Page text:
Stepping into Discipleship

Learn thou this by discipleship, by enquiry and by service. The wise, the seers of the essence of things, will instruct you in wisdom.

—Bhagavad Gita (4:34)

Competent disciples are never in want of competent gurus. The disciple achieves results in proportion to his faith on his guru.  The best disciple is like petrol or aviation spirit. Even from a great distance he will instantly react to the spark of the guru’s teachings.  The second class disciple is like camphor; a touch awakens his inner spirit and kindles the fire of spirituality in him.  The third class of disciple is like coal; the guru has to take great pains in order to awaken the spirit in him.  The fourth class of disciple is like a plantain stem, no efforts will be of any avail over him; whatever the guru may do, he remains cold and inert.  Listen! O disciple, do not be like a plantain stem, try to be a petrol disciple, or at least a camphor disciple.

Preparing oneself

People want to have contact with an avatara without being endowed with proper qualifications. Even if an avatara appears before them, they will not be able to recognize him. They do not have the eyes to see him. They will take him for an ordinary man.

A beginner on the spiritual path should have various upa-gurus, secondary gurus. He must prepare himself gradually. He must get spiritual instructions from them and follow these strictly. He must make himself fit to approach a Brahmanishtha guru, guru who is already established in the Brahman. He should practise meditation and minor sadhana to achieve purification so he is fit to approach the true preceptor. Books can also help you. They will inspire you. They can guide you to a certain extent. You can start the minor practices, asana and pranayama, with the help of books. Books written by realized persons can serve the purpose of a guru till you come in personal contact with a realized yogi. You can also get help from senior aspirants on the path of yoga. Through all this, develop the preliminary qualifications of an aspirant.

Develop various sattwic virtues. These are all enumerated in the Bhagavad Gita, in chapters thirteen to sixteen. These are virtues such as humility, fearlessness, freedom from anger, a forgiving tendency, tranquillity, self-restraint and so on. You must also practise yamas, self-restraint, and niyamas, discipline. This is your work. The guru will not do this.

Nowadays people want to practise comfortable yoga, lying in an armchair. They do not want to practise rigorous tapas, austerity, or sadhana, spiritual discipline. They expect everything to come by the grace of the guru. They even seem to expect him to place self-realization before them like a readymade betel-leaf – so they can just take it and swallow it easily.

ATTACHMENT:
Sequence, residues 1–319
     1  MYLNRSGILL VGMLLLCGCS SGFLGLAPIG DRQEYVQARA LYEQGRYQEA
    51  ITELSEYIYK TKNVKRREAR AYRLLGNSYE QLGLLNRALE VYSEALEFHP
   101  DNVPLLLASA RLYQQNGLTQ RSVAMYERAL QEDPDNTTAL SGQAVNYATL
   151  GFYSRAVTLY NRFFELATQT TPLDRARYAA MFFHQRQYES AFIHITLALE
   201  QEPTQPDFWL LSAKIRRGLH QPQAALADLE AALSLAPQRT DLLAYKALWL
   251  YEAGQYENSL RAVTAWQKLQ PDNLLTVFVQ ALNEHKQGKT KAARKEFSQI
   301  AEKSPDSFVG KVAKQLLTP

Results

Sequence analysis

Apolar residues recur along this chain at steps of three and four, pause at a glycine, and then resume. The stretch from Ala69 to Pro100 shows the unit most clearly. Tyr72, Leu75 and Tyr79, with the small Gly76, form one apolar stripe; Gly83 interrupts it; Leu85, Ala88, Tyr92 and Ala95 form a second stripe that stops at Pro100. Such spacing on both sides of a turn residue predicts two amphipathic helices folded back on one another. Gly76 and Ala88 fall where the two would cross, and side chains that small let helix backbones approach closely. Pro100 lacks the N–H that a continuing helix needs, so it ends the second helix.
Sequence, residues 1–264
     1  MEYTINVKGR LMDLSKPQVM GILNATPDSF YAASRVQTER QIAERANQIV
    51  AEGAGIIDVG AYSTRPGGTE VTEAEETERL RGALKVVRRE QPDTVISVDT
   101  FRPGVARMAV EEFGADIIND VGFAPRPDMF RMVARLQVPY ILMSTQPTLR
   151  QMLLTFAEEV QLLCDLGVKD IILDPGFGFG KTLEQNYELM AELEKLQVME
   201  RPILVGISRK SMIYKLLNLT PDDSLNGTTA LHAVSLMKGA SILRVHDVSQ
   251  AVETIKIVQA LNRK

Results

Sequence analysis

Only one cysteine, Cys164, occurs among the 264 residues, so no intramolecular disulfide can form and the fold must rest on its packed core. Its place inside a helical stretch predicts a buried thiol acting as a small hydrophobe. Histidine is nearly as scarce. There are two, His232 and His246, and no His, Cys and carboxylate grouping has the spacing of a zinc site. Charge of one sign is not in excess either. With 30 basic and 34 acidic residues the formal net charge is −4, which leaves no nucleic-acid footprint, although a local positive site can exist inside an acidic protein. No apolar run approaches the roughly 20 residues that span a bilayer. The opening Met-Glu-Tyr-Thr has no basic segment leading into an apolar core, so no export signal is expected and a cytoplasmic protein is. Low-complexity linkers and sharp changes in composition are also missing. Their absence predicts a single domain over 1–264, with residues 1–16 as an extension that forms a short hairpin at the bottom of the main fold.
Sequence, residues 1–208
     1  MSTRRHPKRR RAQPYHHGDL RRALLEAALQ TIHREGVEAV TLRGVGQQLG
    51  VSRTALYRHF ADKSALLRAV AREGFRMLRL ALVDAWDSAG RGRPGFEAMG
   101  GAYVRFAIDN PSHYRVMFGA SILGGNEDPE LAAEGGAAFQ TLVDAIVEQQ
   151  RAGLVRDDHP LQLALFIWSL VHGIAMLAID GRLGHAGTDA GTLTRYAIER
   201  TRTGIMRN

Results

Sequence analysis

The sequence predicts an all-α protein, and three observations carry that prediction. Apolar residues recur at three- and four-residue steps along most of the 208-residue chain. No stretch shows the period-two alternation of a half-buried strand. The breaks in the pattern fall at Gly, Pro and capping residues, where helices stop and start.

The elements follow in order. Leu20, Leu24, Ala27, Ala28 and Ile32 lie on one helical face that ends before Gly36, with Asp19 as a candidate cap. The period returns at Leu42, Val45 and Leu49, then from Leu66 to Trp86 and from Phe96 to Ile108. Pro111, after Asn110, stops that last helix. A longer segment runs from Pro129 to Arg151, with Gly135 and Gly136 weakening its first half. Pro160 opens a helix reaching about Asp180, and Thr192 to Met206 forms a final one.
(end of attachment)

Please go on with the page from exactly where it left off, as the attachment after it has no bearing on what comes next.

When the disciple is ready the guru appears. All saints and yogis are ready to receive you with outstretched hands and love – if you have the real eyes to behold them, if you have the real heart to unite with them, if you have the real earnestness and longing to be in their company, if you have a real thirsting for God-realization, and if you are really hungry to eat the sweet divine manna of the illimitable domain of bliss of the Self.

Role of purushartha

Guru is the gateway to the transcendental truth-consciousness, but it is the aspirant who has to enter through it. Guru is a help, but the actual task of practical sadhana falls on the aspirant alone.

In the Mahabharata you will find that purushartha, exertion, and prarabdha, past actions that are bound to fructify, together bring about fruits. If you are ailing, you must do purushartha – you must take medicine, though you leave the results to prarabdha.

Throughout Yoga Vasishtha, Rishi Vasishtha recommends the value of purushartha to Sri Rama. Markandeya through purushartha alone conquered death. Man is, doubtless, the master of his own destiny. Purushartha can do and undo things. Markandeya changed his destiny through his tapas. Fatalism will produce abnormal inertia. God helps those who help themselves. Be up and doing. Prarabdha is the result of your own thoughts and actions. Change your mode of thinking. Think: “I am the immortal Self” and the immortal Self you will become.

Therefore, when you step into discipleship, know that realization cannot come to you as a miracle performed by your guru. Lord Krishna asks Arjuna to develop vairagya, non-attachment, and do abhyasa, practice. He did not say to him “I will give you mukti now.” Therefore, abandon the wrong notion that your guru will give you samadhi and mukti. Strive, purify, meditate and realize.

Gurus, acharyas and teachers will only show the spiritual path, remove doubts and provide inspiration. You are your own redeemer. You are your own saviour. Remember this point well. You will have to tread the spiritual path yourself. You will have to place each step on the spiritual ladder yourself.